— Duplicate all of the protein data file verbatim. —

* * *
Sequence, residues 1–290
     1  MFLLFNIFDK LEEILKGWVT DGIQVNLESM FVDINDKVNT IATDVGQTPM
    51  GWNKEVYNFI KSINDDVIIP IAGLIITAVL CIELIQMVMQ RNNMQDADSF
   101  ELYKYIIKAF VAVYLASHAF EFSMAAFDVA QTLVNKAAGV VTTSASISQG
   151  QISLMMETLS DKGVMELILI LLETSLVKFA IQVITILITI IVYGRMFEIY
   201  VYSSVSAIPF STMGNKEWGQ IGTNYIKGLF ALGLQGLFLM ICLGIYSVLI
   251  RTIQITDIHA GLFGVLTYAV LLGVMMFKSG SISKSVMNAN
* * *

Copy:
Sequence, residues 1–290
     1  MFLLFNIFDK LEEILKGWVT DGIQVNLESM FVDINDKVNT IATDVGQTPM
    51  GWNKEVYNFI KSINDDVIIP IAGLIITAVL CIELIQMVMQ RNNMQDADSF
   101  ELYKYIIKAF VAVYLASHAF EFSMAAFDVA QTLVNKAAGV VTTSASISQG
   151  QISLMMETLS DKGVMELILI LLETSLVKFA IQVITILITI IVYGRMFEIY
   201  VYSSVSAIPF STMGNKEWGQ IGTNYIKGLF ALGLQGLFLM ICLGIYSVLI
   251  RTIQITDIHA GLFGVLTYAV LLGVMMFKSG SISKSVMNAN